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For the Whisky drinkers

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So, while we were at IBC, we were made aware of a really cool bar called the Whisky Cafe. They have over 1500 different bottles of Whisky on hand, plus lots of other stuff. If you are ever in Amsterdam, and you enjoy yourself a good whisky, check this place out. Here are two pictures.

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the staff there knows everything. We asked what we should start with, and they recommended good stuff.

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FWIW, the Americans and Irish usually spell it Whiskey, the Scots, Canadians, Japanese etc. spell it Whisky.

If you drink enough, youwon't be able to spell it at all

J.D.

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When referring to the alcoholic spirit from Scotland, use the spelling whisky (plural whiskies). Whiskey, with an e (plural whiskeys), is the spelling used in Ireland and America.

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Here's a pic I snapped long ago of a nice Scotch collection. Not as impressive as that bar but respectable for a personal collection.

545968_10150630052565966_1187301846_n.jp

 

Dear Santa...

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Glad this has been resurrected!!

Found a great whisky when last in LA, called Mulholland. It's made in downtown LA and available directly from distillery or from K&L. It's 100 proof but drinks smoother than most standard 80 proof whisky. 

Also discovered Nikka Coffey Grain whisky from Japan. I have always liked Japanese whisky for its precision, but never its uniqueness. This is unique and lovely. 

My most dangerous discovery was the 12yr Red Breast Irish. It drinks like water. A lovely flavor (although a funny "nose") with the smoothest finish of any whisky I've ever had.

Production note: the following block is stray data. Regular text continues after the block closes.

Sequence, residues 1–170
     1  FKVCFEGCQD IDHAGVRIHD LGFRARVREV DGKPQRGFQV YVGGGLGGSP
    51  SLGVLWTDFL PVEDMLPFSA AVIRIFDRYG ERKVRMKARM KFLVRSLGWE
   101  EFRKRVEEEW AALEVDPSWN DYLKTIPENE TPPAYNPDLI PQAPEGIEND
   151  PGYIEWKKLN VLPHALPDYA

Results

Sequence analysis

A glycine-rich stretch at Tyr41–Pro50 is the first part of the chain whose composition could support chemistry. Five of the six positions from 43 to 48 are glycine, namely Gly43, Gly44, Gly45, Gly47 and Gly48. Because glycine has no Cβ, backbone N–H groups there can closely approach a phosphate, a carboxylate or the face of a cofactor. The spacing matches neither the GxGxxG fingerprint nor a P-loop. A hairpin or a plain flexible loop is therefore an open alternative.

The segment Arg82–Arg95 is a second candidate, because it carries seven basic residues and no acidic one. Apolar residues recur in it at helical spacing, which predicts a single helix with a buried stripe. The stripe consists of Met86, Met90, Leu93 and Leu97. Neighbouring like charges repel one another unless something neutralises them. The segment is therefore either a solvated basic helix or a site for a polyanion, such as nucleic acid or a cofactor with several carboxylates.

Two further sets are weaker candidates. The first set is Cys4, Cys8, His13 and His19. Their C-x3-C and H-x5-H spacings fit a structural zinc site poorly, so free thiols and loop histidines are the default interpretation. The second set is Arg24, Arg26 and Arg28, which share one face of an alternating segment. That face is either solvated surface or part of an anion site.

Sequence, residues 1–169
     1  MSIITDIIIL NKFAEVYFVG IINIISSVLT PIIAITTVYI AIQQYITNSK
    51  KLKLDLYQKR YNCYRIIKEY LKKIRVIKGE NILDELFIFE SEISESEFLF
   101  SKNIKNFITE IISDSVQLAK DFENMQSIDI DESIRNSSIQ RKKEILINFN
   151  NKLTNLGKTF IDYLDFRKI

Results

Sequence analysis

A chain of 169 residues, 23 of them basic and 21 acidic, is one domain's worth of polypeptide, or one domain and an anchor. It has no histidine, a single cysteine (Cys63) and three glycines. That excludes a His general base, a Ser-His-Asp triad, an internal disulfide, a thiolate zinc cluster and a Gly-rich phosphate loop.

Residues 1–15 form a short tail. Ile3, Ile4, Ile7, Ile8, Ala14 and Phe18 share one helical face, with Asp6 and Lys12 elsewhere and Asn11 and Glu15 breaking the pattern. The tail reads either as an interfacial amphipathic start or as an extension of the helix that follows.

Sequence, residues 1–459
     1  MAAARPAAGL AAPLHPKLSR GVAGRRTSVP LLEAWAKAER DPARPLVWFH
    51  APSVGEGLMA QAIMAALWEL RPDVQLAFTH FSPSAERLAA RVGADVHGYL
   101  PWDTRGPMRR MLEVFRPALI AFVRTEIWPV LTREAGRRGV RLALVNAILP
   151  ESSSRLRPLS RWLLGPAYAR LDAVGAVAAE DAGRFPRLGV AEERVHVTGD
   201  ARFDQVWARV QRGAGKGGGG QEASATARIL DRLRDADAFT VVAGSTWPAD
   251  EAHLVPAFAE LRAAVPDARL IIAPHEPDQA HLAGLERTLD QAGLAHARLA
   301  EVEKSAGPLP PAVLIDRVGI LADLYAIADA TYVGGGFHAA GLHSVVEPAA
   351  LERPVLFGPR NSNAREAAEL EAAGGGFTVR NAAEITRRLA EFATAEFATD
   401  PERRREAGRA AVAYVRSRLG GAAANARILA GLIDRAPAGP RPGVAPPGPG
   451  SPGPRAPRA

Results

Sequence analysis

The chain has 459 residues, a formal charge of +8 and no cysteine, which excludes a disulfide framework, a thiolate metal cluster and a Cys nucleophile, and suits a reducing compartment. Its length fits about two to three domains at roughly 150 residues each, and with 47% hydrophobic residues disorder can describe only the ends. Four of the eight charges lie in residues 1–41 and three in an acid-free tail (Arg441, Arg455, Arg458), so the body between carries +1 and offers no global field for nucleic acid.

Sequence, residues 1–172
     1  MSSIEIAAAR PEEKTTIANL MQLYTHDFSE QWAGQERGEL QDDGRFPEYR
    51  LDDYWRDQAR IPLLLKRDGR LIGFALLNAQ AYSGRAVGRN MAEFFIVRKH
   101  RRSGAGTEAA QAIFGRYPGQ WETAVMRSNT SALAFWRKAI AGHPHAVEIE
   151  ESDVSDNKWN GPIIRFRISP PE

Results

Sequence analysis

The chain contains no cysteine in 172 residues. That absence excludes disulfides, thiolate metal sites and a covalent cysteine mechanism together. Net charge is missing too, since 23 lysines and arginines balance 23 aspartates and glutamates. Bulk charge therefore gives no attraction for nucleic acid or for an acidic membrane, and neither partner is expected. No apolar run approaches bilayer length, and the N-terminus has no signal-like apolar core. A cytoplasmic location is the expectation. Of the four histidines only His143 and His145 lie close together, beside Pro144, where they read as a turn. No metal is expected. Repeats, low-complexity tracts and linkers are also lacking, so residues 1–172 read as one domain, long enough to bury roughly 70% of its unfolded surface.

You're welcome :-)

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Wow..a whiskey thread? Okay: Palm Ridge Reserve. I have a bottle of it (gift from a job) I sip on infrequently (and alternatively gift my neighbor for riding mower repairs, as he won't take money). It's distinctive, regional (non-blended), and very smooth. The 'regional' part of it is: the casks are alternating staves of oak and citrus. The citrus is evident in the flavor, but not overwhelmingly. I never understood sipping whiskeys before this job. I learned that day.

A couple in Tavares, Florida made the micro-batch distillery from a horse stable. Each berth has a different part of the process. It was a bit lyrical, and like hanging out with Jack Daniels for a day. We sampled and sipped. Never a more mellow job. (pics borrowed from Southern Distilling News).

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wait till you get AMRUT - Single Malt made in India... Will kick the butt out of many single malts. I too was surprised - an Indian Malt??? but - YES. 

 

On 9/15/2012 at 0:26 PM, Glen Trew said:

As long as they had Jack.

 

gt

GT, hope you are well my dear friend! Still remember that dinner i cooked for you and friends in LA... btw - your email address has been compromised and you need to get your TA internet team on to this, since i get spam from your email address regularly nowadays... heh

-vin

 

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On 13 April 2017 at 11:11 AM, RPSharman said:

Glad this has been resurrected!!

Found a great whisky when last in LA, called Mulholland. It's made in downtown LA and available directly from distillery or from K&L. It's 100 proof but drinks smoother than most standard 80 proof whisky.